Premier League Rule Changes - Including No Ball Boys, Clinical Passports & Black Lives Matter Solidarity

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Project Restart: No Ball Boys, Clinical Passports & BLM as Premier League Clubs Vote on Rule Changes

Premier League clubs are reported to have voted through an extensive list of rule modifications, in one of the final steps towards English football returning next week.

Discussions have been ongoing for months over how to safely resume football in England, with the coronavirus pandemic going nowhere any time soon.

But while it once seemed an impossibility that the 2019/20 season would resume at all, the financial implications of curtailing the campaign on top-flight clubs proved too grim, and it was announced late last month that the Premier League would return on 17 June.

When Aston Villa and Sheffield United kick us off on Wednesday, however, it won't quite be the same as we remember it. Stadiums will be closed to fans with only artificial crowd noise creating the atmosphere for those at home, while five substitutions - as opposed to the usual three - will be permitted in order to help manage player fitness.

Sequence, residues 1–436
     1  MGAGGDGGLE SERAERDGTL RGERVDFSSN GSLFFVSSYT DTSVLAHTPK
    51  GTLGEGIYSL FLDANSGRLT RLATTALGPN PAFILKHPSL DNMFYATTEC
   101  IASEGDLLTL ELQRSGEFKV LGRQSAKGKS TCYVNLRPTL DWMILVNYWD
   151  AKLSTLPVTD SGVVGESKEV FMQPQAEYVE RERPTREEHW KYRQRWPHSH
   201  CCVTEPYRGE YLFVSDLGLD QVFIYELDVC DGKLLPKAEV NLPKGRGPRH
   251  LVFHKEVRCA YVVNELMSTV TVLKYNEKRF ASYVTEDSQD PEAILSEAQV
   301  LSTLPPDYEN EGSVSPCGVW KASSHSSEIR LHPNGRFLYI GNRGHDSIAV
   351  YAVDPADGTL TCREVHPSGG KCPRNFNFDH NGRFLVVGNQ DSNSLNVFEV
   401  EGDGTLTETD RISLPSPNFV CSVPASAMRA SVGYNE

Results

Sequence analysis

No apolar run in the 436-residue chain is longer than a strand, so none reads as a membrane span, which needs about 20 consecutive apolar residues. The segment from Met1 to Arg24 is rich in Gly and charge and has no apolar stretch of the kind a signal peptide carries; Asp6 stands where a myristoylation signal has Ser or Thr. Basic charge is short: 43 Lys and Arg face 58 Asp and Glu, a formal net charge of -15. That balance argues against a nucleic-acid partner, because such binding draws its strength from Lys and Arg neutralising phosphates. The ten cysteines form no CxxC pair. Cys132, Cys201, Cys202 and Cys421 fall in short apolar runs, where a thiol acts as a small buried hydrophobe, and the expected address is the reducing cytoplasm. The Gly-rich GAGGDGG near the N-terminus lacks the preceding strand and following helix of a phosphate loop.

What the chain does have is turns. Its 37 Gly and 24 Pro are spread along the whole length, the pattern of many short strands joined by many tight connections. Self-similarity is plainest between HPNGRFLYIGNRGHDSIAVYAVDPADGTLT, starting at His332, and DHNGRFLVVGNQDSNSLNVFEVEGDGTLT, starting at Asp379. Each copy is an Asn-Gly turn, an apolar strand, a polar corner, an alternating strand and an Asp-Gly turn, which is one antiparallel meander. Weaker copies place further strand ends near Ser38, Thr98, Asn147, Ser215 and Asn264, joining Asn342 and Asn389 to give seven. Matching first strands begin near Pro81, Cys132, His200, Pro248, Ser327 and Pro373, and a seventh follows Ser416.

The changes don't stop there, however, far from it. As reported by The Telegraph, the league has tabled a detailed list of alterations in order to keep players and staff safe, which has been unanimously voted through by Premier League clubs.

Just a few of those changes will see ball boys replaced with a system of sterilised match balls placed on cones surrounding the pitch, while players will have to sanitise their hands before and after entering the field of play.

Stadiums will be limited to an average of 300 people in attendance, although movement within the arenas will be strictly regimented. Only 105 people at a time will be permitted to enter the 'red' zone; which covers the pitch, technical area, tunnel and changing rooms.

Any individual entering those areas will have a 'clinical passport' downloaded onto their phone, which will indicate upon barcode scanning that they have been tested for coronavirus in the last ten days.

Meanwhile, the first round of fixtures will see players wear 'Black Lives Matter' in lieu of their names on the back of their shirts, in solidarity with George Floyd and the countless other victims of systemic racism in the US and beyond.

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